Without knowing of each other, both experiences of community organisation in defence of life, culture and dignity represent concrete evidence that democratic modernity emerges despite capitalism’s wars. From Cherán to Kurdistan, peoples engaged in struggle advance towards an emancipatory horizon with political practices from below that, with democratic and ecological focuses, subvert the colonial and patriarchal order which has historically oppressed peoples. In this sense, Öcalan argues that: “Just as the historical conditions in the nineteenth century generally favored nation-statism, current conditions – the realities of the twenty-first century – favored democratic nations and strengthened urban, local, and regional autonomous governance at all levels” (Öcalan, 2020, p. 310-311). This prediction written by the Kurdish leader firmly plants the possibility of another world at the margins of capitalism, since we see now the existence of the “conditions for ensuring that the fate of the confederal structures destroyed by nation-statism in the mid-nineteenth century is not repeated in the twenty-first century are present, instead the conditions to turn it into a victory for democratic confederalism are quite promising” (Öcalan, 2020, p. 311).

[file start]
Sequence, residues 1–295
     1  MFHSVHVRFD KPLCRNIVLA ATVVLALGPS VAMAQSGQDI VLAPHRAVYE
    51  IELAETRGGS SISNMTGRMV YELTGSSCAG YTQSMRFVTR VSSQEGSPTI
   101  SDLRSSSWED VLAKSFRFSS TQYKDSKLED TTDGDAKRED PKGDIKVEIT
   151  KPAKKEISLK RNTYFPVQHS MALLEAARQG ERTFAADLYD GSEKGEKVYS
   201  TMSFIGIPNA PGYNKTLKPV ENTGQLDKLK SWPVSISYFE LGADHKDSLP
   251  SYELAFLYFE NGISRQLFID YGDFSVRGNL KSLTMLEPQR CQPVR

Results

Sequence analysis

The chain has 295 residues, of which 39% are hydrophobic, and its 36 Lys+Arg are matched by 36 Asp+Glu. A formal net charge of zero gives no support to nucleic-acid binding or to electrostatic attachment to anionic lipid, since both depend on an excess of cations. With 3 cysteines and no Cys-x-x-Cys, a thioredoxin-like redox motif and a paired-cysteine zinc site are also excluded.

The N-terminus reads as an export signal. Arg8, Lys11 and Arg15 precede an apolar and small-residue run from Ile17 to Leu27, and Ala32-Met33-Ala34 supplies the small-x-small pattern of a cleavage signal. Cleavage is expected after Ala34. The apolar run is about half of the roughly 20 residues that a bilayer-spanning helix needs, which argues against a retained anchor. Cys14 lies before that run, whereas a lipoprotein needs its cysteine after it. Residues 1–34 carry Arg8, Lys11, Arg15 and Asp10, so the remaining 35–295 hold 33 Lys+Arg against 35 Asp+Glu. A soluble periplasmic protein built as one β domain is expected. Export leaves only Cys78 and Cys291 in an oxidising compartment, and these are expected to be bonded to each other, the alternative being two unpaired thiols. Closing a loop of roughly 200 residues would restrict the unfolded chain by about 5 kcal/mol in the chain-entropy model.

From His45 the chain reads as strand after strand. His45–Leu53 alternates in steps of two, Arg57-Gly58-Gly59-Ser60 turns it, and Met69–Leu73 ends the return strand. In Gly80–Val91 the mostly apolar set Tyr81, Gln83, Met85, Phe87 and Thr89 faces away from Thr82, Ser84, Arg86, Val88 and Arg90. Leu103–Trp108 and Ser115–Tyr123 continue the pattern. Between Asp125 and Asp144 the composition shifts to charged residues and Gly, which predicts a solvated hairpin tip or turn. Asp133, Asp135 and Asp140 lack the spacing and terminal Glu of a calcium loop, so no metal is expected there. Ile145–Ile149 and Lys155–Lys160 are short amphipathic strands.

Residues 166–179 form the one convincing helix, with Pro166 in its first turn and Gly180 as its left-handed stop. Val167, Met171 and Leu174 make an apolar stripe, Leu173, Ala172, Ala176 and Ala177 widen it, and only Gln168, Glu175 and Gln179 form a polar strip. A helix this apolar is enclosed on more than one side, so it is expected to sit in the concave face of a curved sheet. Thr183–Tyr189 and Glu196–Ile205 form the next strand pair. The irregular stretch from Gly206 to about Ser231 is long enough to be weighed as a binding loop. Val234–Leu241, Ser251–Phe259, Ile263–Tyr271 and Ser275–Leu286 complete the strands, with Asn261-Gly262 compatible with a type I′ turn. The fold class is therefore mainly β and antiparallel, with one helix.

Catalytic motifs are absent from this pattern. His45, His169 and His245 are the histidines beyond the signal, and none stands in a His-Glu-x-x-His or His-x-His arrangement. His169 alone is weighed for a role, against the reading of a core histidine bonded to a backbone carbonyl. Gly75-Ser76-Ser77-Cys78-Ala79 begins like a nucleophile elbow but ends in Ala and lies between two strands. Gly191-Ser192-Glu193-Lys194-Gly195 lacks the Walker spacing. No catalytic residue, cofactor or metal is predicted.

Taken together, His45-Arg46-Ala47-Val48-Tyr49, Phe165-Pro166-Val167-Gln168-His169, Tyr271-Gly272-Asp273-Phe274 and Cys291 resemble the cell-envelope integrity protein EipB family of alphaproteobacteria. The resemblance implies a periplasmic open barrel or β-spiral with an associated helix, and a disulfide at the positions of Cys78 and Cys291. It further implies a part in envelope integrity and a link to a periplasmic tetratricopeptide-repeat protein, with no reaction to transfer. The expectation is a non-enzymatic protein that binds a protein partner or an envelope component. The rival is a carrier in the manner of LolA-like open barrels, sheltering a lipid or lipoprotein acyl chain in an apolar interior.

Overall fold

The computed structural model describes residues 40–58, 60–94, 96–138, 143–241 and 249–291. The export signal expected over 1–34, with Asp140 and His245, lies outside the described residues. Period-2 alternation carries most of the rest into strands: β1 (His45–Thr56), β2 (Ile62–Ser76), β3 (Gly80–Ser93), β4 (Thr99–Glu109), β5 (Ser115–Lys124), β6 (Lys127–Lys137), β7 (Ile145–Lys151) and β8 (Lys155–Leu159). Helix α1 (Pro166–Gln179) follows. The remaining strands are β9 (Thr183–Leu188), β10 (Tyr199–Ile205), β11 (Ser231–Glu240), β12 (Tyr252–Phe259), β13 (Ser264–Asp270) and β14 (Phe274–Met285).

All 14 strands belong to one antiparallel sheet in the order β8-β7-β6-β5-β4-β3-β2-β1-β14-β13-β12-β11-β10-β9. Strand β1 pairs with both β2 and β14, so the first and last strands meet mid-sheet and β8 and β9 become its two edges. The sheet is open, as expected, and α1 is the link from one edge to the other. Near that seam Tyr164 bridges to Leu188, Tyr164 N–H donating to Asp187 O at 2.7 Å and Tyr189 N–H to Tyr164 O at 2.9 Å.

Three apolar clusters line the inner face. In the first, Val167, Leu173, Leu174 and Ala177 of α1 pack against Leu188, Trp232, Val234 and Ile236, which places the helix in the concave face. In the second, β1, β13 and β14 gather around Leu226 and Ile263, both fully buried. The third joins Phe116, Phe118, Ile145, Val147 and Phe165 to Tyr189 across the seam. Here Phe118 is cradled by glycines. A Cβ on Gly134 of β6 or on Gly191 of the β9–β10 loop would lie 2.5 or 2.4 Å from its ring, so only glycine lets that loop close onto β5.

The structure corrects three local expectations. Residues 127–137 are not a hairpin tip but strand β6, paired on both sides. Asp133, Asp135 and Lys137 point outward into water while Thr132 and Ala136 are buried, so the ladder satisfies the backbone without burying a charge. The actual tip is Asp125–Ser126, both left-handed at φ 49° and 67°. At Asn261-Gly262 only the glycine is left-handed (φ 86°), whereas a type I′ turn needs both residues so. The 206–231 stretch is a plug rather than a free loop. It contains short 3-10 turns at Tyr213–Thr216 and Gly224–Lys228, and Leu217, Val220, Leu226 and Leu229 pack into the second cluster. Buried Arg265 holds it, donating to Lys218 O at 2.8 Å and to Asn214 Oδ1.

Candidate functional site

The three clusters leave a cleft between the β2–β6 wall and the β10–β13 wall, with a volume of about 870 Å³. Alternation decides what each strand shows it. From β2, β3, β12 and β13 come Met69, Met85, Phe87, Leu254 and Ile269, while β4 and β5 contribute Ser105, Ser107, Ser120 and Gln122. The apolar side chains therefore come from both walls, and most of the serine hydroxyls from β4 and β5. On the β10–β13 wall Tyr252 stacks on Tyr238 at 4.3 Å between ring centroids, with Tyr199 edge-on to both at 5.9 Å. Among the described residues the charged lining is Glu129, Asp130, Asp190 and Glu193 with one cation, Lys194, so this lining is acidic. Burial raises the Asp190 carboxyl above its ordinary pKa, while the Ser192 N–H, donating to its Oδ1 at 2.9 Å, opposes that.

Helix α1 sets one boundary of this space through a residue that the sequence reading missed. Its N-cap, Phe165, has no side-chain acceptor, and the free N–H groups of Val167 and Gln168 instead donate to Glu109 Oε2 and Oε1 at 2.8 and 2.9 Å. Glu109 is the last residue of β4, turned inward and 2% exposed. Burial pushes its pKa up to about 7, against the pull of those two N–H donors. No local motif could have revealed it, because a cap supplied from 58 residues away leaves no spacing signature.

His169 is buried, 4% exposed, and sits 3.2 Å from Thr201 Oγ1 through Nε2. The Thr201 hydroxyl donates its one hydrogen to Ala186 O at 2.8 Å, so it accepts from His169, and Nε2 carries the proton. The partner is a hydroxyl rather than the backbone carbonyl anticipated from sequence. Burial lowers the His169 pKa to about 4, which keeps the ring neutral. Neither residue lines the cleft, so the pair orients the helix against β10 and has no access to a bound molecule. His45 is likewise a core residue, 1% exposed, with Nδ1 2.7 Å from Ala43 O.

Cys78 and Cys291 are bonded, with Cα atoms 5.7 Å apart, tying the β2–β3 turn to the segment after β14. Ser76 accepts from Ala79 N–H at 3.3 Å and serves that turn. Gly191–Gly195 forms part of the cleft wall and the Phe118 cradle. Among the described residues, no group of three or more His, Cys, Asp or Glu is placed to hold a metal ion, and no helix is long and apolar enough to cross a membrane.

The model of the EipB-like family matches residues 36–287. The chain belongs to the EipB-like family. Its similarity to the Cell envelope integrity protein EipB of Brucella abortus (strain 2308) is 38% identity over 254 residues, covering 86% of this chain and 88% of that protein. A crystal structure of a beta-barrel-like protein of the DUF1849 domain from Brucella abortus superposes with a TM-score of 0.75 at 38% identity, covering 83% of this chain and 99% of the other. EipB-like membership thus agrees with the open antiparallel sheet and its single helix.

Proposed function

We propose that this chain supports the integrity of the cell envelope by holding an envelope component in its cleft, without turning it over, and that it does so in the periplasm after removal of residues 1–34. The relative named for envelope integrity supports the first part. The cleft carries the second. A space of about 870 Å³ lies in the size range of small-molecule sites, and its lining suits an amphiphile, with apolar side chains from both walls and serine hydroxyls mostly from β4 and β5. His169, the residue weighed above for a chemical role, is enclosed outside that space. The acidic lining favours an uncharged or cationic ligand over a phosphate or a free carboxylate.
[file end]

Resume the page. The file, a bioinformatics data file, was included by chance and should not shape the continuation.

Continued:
Of course, the challenges for these experiences are numerous and at times they may be very persistent because we are talking about constructing free societies as a counter-current to capitalist domination. The liberalism that characterises the nation-state always tries to corrupt and absorb these democratising tendencies which emerge beneath its ideological and material hegemony. A process which has succeeded in multiple contexts and periods in the history of the last century. We must recover these learnings from previous revolutionary processes to reunite the current of historical society that is expressed in urban, local and regional political entities in a new ideological and political structure which is constantly articulating and composing itself, in order to create an emancipatory potential which does not fall into the trap of the nation-state. This is the most important strategic task of democratic modernity, just as it is for all those peoples and processes which oppose the system of colonial and patriarchal domination.

  1. For more information about this experience of self-governance you can watch the documentary Cherán: The Burning Hope https://www.youtube.com/watch?v=xr1hapswLd0


Concejo Mayor de Gobierno Comunal de Cherán (2017). Cherán K´eri. 5 años de autonomía. Por la seguridad, la justicia y la reconstitución de nuestro territorio. En cortito que´s pa´largo.

Öcalan, A. (2020). Sociology of Freedom: Manifesto of the Democratic Civilization, Volume III. PM Press.

Picture taken by: Francisco Cucue